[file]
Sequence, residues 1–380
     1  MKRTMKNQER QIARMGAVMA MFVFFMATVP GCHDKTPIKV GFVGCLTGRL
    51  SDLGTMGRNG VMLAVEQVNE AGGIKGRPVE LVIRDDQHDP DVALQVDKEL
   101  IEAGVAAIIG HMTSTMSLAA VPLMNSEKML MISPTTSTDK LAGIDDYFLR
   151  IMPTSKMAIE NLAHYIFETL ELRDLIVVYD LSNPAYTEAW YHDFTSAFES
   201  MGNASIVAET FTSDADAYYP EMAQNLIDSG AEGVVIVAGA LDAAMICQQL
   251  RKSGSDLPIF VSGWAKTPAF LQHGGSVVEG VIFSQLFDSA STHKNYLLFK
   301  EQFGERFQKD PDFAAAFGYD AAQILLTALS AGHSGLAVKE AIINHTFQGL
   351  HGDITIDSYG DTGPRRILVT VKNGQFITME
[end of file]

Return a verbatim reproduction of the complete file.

Sequence, residues 1–380
     1  MKRTMKNQER QIARMGAVMA MFVFFMATVP GCHDKTPIKV GFVGCLTGRL
    51  SDLGTMGRNG VMLAVEQVNE AGGIKGRPVE LVIRDDQHDP DVALQVDKEL
   101  IEAGVAAIIG HMTSTMSLAA VPLMNSEKML MISPTTSTDK LAGIDDYFLR
   151  IMPTSKMAIE NLAHYIFETL ELRDLIVVYD LSNPAYTEAW YHDFTSAFES
   201  MGNASIVAET FTSDADAYYP EMAQNLIDSG AEGVVIVAGA LDAAMICQQL
   251  RKSGSDLPIF VSGWAKTPAF LQHGGSVVEG VIFSQLFDSA STHKNYLLFK
   301  EQFGERFQKD PDFAAAFGYD AAQILLTALS AGHSGLAVKE AIINHTFQGL
   351  HGDITIDSYG DTGPRRILVT VKNGQFITME